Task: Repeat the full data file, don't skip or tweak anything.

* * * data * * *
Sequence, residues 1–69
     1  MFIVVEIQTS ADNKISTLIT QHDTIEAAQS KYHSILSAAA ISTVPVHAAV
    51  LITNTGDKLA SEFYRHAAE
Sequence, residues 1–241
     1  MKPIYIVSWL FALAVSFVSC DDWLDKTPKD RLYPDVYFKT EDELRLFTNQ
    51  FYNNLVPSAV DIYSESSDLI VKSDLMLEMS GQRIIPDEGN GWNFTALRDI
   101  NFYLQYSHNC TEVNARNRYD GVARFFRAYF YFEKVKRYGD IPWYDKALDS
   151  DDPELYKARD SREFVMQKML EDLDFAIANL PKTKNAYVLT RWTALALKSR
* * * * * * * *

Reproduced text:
Sequence, residues 1–69
     1  MFIVVEIQTS ADNKISTLIT QHDTIEAAQS KYHSILSAAA ISTVPVHAAV
    51  LITNTGDKLA SEFYRHAAE
Sequence, residues 1–241
     1  MKPIYIVSWL FALAVSFVSC DDWLDKTPKD RLYPDVYFKT EDELRLFTNQ
    51  FYNNLVPSAV DIYSESSDLI VKSDLMLEMS GQRIIPDEGN GWNFTALRDI
   101  NFYLQYSHNC TEVNARNRYD GVARFFRAYF YFEKVKRYGD IPWYDKALDS
   151  DDPELYKARD SREFVMQKML EDLDFAIANL PKTKNAYVLT RWTALALKSR